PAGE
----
The public has largely been barred from entering the State House and the other state government buildings in Annapolis since the coronavirus pandemic reached Maryland in March. During the upcoming legislative session, members of the public can only enter the buildings if they have an appointment with a lawmaker.
There have been periodic peaceful demonstrations this year around the State House and State Circle, primarily held by those pushing for the governor to relax pandemic restrictions.
Republican Del. Nic Kipke, the minority leader in the House of Delegates, urged any members of his party upset by Trump’s loss to Biden to “understand that we are the party of law and order.”
“There’s a right way to express political opinions and a wrong way,” said Kipke, who represents Anne Arundel County. “The right way is on Election Day and through the political process.”
He added: “The violence that happened in Washington, D.C. is horrific, and all Republicans need to condemn it.”
The Transportation Security Administration also announced Monday that there will be enhanced security screenings and technology at the Baltimore Washington International Thurgood Marshall Airport ahead of the inauguration.
Following Wednesday’s takeover of the U.S. Capitol, Maryland sent 200 state troopers and 500 members of the Maryland National Guard to the District of Columbia.
Hogan said Maryland may send “several hundred more Guard members” to provide security support ahead of the presidential inauguration next Wednesday.
The FBI’s Baltimore Field Office also will be sending agents to D.C. to assist with security for the inauguration, Jiras confirmed.
The Maryland National Guard and police departments typically provide security assistance during presidential inaugurations in Washington, Hogan said, but “this is obviously a much more heightened situation.”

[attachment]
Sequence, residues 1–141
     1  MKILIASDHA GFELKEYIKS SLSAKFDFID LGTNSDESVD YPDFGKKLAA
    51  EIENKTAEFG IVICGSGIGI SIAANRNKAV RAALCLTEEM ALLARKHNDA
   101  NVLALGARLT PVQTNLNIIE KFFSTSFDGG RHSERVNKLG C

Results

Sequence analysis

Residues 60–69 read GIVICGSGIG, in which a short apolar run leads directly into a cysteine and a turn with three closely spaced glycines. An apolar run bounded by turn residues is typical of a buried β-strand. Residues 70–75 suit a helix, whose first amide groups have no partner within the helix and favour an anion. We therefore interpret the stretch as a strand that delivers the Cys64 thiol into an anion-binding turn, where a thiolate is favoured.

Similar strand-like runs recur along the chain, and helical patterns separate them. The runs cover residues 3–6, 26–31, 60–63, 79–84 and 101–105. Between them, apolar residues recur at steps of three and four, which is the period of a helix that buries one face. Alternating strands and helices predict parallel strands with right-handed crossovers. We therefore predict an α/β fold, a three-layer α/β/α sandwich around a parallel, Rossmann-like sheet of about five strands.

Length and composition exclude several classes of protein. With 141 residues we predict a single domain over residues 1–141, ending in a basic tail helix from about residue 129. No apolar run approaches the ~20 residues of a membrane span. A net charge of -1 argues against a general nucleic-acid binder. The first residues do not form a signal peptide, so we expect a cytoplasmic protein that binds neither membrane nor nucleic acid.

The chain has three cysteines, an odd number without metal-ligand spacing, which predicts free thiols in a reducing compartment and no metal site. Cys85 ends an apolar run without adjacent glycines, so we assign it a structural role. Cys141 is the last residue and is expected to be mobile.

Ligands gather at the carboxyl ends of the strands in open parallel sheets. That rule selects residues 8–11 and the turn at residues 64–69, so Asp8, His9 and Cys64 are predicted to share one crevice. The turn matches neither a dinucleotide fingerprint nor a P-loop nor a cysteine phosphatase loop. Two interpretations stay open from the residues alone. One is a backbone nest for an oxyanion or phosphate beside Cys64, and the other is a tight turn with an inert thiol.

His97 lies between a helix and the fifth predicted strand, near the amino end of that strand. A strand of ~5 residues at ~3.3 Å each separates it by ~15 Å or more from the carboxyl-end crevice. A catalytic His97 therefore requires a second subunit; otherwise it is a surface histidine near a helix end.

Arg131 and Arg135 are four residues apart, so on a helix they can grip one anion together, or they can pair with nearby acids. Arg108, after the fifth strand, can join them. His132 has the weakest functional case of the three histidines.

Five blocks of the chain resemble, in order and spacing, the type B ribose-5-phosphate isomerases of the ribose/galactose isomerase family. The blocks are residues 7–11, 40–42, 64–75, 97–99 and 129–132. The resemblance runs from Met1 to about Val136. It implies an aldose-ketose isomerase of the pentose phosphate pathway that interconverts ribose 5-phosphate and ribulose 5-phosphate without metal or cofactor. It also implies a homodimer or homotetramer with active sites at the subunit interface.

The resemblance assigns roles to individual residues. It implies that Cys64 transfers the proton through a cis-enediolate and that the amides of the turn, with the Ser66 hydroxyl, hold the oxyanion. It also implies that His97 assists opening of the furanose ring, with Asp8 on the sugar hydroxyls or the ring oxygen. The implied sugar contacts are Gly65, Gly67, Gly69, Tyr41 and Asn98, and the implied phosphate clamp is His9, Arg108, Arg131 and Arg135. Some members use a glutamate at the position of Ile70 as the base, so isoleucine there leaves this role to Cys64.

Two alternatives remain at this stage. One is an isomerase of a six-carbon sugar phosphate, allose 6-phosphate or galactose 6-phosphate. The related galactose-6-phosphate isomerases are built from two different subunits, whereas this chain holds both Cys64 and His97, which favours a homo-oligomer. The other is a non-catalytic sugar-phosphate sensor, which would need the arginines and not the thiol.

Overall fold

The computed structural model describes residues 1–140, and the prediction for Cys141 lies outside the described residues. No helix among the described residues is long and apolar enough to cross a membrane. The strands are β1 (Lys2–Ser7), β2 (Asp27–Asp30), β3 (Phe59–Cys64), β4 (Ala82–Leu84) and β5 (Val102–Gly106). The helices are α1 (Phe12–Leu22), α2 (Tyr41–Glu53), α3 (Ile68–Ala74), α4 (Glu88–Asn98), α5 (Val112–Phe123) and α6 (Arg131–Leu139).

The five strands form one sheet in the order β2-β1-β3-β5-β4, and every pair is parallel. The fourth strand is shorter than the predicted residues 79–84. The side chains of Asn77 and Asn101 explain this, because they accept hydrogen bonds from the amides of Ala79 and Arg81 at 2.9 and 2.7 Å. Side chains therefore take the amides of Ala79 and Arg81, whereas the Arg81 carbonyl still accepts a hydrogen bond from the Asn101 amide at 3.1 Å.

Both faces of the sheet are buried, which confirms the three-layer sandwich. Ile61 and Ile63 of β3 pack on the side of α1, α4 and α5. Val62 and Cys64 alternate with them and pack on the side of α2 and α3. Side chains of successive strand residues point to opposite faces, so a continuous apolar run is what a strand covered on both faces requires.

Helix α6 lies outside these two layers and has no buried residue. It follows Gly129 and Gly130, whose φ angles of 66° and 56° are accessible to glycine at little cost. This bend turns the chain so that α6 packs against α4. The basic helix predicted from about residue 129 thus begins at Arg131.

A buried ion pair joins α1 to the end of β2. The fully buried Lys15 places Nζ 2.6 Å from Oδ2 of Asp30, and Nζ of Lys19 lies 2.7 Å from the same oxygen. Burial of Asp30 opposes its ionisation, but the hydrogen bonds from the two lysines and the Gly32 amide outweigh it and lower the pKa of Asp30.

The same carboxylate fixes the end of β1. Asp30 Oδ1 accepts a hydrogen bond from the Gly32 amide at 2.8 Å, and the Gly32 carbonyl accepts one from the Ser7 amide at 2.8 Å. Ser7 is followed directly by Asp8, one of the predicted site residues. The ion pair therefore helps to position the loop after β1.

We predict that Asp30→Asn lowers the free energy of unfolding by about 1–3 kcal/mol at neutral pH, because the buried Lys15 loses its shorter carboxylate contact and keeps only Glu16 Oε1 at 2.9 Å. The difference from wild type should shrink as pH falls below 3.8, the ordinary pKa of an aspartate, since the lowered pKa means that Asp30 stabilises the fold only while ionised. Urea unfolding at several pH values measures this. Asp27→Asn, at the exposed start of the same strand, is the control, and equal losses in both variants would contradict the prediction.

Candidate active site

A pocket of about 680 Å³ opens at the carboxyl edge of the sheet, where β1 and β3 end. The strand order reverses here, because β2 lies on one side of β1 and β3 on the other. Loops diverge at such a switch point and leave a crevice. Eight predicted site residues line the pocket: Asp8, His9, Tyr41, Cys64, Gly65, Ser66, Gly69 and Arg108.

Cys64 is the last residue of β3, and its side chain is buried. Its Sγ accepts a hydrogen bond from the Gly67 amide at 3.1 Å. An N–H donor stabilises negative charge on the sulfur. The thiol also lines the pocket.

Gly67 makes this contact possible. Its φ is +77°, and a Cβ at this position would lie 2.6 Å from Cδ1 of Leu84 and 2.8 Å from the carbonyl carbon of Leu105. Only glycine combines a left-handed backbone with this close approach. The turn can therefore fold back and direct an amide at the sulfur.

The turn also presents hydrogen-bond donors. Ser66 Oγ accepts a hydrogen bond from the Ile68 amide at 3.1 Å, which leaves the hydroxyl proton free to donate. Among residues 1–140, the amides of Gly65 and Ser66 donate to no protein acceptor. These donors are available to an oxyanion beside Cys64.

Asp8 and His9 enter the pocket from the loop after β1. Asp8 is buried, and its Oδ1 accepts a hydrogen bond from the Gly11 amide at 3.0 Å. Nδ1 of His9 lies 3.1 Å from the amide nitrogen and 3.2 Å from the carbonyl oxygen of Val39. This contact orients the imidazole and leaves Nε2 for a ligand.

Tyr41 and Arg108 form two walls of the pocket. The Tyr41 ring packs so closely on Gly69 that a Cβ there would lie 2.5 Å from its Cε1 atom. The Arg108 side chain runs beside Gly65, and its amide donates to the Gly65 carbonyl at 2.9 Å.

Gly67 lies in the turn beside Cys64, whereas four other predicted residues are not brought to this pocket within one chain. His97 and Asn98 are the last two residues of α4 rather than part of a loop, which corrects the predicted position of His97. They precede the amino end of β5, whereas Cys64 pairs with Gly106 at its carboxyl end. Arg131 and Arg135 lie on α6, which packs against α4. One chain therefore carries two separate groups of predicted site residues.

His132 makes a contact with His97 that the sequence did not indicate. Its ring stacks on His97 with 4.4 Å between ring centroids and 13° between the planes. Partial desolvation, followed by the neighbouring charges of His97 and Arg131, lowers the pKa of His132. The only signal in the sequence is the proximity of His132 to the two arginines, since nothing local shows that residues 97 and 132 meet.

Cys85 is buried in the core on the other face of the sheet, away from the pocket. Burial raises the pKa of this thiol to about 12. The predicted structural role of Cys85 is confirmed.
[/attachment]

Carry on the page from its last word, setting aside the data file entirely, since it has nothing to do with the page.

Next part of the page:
Five people, including one Capitol Police officer, died in Wednesday’s riot.
Last week, Hogan described how he was ready to send Maryland Guard members to the U.S. Capitol, only to be slowed by the reluctance of federal officials to call in support from nearby states.
After a Monday afternoon call with Washington Mayor Muriel Bowser and Virginia Gov. Ralph Northam, both Democrats, Hogan joined them in urging people to watch Biden’s Jan. 20 inauguration from home, while promising to provide security forces to ensure a smooth transition of power.
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“Due to the unique circumstances surrounding the 59th Presidential Inauguration, including last week’s violent insurrection as well as the ongoing and deadly COVID-19 pandemic, we are taking the extraordinary step of encouraging Americans not to come to Washington, D.C. and to instead participate virtually,” the officials said in a joint statement.
“In this very trying time, January 6 was a dark moment for our nation,” they said. “But we know that we will get through this period because American ideals are stronger than one extreme ideology. Together, we will overcome extremism and get back to the work of our residents.”
Baltimore Sun reporters Bryn Stole and McKenna Oxenden and The Associated Press contributed to this article.